5th Mar 2024

Economic nationalism bad for Europe, says Barroso

  • Barroso: worried about the recent rise of economic nationalism (Photo: European Commission)

European Commission president Jose Manuel Barroso has urged a "sense of political responsibility on the part of our statesmen" and warned against rising nationalist rhetoric, speaking in reaction to a new wave of protectionism in major EU states.

The most recent case involves a row between Italy and France, following the merger of two French energy firms, Suez and Gaz de France, in a bid to prevent a takeover of Suez by Italian Enel.

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A similar attempt was earlier made by Spain to block a bid by German energy giant E.ON for Spanish electricity company Endesa; and by Luxembourg to resist a bid by Mittal Steel for European steel maker Arcelor.

Speaking to journalists on Wednesday (1 March), Mr Barroso said the commission will deal with individual cases in an "objective fashion," and judge them exclusively on the basis of the EU's internal market rules.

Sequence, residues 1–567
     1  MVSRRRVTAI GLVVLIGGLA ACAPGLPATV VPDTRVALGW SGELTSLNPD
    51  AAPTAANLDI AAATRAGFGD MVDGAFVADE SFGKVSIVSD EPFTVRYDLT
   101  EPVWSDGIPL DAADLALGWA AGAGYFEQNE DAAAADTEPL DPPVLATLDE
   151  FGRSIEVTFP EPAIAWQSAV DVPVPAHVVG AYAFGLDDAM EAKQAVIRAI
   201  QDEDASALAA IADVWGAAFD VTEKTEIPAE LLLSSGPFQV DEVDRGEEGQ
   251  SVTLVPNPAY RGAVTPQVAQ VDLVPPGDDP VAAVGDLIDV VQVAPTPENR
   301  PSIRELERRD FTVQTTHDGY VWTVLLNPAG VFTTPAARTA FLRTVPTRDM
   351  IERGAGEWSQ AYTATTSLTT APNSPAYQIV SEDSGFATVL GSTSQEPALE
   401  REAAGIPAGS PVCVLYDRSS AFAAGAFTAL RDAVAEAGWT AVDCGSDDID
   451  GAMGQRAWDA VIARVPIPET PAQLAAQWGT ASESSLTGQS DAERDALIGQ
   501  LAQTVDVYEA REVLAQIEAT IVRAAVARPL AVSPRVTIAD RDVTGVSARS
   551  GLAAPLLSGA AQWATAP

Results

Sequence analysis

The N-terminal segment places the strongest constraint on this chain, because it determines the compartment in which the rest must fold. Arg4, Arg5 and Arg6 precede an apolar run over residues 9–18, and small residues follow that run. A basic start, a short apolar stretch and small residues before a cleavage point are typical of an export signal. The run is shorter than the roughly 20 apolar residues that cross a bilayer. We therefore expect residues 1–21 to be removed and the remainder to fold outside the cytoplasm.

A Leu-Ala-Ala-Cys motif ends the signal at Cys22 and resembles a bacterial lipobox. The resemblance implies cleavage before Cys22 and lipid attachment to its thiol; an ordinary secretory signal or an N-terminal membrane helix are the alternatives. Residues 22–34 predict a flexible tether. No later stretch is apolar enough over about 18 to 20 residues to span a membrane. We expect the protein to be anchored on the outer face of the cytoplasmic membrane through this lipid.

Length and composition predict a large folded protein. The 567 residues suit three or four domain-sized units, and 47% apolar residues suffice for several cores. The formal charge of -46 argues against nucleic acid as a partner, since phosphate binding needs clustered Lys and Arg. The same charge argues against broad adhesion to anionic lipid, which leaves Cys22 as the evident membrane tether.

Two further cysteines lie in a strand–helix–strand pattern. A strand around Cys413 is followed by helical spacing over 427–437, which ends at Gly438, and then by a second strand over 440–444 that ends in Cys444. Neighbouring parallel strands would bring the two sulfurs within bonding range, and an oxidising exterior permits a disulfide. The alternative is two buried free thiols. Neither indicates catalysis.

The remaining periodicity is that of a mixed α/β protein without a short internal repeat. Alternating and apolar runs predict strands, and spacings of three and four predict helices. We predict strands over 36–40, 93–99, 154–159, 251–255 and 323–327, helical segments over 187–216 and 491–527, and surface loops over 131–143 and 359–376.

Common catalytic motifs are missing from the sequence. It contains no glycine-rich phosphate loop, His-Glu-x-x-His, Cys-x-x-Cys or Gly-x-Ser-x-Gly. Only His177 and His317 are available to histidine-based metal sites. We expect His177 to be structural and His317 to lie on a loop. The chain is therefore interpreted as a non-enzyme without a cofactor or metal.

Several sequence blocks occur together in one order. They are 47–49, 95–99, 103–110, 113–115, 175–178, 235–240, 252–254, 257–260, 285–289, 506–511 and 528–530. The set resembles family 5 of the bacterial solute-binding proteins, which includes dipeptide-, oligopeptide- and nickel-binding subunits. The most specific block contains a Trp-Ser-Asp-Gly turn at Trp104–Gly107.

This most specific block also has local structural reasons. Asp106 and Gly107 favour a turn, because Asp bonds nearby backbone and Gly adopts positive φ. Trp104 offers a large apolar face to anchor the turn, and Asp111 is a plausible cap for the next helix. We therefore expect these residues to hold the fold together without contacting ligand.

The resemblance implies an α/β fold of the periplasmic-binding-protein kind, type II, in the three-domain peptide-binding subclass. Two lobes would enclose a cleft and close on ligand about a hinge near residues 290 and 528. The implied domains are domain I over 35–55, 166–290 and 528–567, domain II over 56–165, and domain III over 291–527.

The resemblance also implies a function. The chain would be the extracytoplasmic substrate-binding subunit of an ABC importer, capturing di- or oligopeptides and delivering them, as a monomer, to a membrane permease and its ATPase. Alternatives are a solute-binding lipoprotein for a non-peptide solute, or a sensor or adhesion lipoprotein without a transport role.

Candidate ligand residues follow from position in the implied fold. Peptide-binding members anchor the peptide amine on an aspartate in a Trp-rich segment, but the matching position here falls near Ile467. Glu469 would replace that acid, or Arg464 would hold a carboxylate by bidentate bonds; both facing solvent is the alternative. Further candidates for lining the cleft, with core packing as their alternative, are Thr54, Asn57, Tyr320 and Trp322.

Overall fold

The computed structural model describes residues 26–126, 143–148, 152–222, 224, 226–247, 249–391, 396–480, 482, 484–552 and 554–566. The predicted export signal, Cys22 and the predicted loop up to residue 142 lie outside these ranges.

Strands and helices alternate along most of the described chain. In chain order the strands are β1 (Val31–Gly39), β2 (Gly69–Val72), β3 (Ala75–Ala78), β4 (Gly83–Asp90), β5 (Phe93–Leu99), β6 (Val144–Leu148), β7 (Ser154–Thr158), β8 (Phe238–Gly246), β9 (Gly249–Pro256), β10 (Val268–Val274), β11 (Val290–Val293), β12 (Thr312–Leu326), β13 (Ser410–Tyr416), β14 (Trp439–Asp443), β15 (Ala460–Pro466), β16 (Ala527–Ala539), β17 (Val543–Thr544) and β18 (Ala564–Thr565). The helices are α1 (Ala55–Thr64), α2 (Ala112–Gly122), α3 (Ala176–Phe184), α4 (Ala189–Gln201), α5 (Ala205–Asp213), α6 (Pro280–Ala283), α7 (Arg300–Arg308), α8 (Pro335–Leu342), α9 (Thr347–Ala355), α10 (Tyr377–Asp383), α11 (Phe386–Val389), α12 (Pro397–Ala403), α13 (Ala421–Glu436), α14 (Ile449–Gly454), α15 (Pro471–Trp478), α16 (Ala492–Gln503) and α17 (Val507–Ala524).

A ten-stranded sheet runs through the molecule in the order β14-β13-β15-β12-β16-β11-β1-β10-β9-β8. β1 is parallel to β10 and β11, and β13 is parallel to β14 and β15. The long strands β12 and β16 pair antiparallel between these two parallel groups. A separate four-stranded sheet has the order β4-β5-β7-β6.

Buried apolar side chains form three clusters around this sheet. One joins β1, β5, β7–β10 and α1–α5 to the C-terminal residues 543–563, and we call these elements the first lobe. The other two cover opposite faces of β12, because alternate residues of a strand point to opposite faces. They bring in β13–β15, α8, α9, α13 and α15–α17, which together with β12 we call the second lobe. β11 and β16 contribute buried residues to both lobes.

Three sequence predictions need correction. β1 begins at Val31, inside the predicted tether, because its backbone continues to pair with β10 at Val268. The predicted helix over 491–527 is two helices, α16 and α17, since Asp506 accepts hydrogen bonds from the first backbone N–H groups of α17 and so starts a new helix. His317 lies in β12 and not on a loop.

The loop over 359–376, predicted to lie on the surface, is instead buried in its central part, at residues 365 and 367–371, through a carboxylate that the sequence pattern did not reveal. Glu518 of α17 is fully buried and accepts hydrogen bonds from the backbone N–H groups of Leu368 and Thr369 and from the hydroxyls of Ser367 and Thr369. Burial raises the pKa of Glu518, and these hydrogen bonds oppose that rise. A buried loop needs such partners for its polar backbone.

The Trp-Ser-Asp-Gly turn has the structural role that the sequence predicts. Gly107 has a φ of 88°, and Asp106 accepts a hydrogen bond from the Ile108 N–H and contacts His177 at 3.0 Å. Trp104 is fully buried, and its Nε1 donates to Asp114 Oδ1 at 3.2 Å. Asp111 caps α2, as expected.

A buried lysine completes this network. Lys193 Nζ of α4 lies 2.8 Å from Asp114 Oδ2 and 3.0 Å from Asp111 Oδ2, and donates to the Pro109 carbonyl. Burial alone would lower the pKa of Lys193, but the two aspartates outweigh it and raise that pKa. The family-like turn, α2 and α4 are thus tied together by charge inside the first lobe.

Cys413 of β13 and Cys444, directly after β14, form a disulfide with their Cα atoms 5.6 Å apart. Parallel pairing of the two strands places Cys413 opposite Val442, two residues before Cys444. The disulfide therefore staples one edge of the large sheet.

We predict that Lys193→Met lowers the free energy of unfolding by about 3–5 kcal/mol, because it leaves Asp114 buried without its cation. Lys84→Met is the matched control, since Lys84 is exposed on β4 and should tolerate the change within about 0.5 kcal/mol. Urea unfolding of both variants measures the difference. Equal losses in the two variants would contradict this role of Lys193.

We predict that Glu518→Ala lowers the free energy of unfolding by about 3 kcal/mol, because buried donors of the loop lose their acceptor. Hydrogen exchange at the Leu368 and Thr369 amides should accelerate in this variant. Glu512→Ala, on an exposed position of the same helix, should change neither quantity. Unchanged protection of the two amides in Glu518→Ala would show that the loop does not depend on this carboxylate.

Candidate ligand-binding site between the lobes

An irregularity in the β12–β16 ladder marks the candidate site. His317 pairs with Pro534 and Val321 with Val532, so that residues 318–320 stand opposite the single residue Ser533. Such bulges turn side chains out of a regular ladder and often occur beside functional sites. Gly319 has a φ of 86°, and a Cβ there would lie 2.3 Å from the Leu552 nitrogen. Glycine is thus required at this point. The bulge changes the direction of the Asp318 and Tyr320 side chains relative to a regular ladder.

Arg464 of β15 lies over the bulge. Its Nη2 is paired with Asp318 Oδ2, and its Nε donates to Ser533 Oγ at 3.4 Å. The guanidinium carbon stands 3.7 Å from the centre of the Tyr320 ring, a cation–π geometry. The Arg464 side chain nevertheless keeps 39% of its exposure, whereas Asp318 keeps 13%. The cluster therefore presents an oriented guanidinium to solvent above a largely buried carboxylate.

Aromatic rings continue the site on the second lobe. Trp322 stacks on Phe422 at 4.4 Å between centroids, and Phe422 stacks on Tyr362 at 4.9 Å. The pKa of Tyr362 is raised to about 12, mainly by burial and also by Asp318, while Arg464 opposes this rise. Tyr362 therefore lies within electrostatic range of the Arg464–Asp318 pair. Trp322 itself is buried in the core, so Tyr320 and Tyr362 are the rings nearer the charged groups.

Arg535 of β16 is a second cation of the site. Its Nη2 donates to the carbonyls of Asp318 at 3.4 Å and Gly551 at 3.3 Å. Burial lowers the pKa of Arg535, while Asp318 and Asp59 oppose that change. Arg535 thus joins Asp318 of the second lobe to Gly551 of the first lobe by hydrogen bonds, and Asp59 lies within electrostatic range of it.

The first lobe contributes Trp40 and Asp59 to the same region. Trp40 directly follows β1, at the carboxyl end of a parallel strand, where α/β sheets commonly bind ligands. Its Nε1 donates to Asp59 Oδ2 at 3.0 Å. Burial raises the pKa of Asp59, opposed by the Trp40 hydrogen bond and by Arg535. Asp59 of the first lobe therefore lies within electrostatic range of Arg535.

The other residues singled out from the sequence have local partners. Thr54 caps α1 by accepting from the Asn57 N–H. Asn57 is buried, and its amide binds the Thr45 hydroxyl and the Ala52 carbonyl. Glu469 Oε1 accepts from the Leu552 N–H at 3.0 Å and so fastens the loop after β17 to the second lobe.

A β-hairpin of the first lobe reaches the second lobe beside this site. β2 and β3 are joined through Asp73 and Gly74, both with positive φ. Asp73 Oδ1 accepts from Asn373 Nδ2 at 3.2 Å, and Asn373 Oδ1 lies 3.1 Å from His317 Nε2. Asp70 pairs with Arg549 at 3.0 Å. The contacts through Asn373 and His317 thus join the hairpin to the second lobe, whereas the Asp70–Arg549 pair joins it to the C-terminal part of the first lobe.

But he stressed that the current debate is dangerous in its political context.

"Some of the statements that I've heard recently are not good for Europe," he said, adding that economic nationalism is harming both the EU and individual member states.

He argued the energy sector is an area where it is better for Europe to be united rather than fragmented if it wants to succeed in global competition terms.

"We can't deal with globalisation if we've got 25 mini energy markets. Even the largest member states are too small when we talk about globalisation, the world as a whole and energy," Mr Barroso noted.

Rome versus Paris

Meanwhile, the war of words between Italy and France has continued.

Italian finance minister Giulio Tremonti met EU internal market commissioner Charlie McCreevy on Wednesday, to inform him Enel would file a memorandum on Suez to the commission on Thursday (2 March).

"If the commission does not act, my advice would be for it to close down because of a failure to meet its mandate," Mr Tremonti said after the meeting, according to Reuters.

Brussels said it would look into any evidence the Italian company provides and evaluate whether the bloc's common market provisions have been violated.

But French prime minister Dominique de Villepin defended his government's position in the dispute, arguing "What we want is to give our companies the means to fight on equal terms in international competition."

He explained the merger would not break the EU's competition rules and so it cannot be considered as "economic protectionism" but rather as a move to boost the energy independence of all of Europe.


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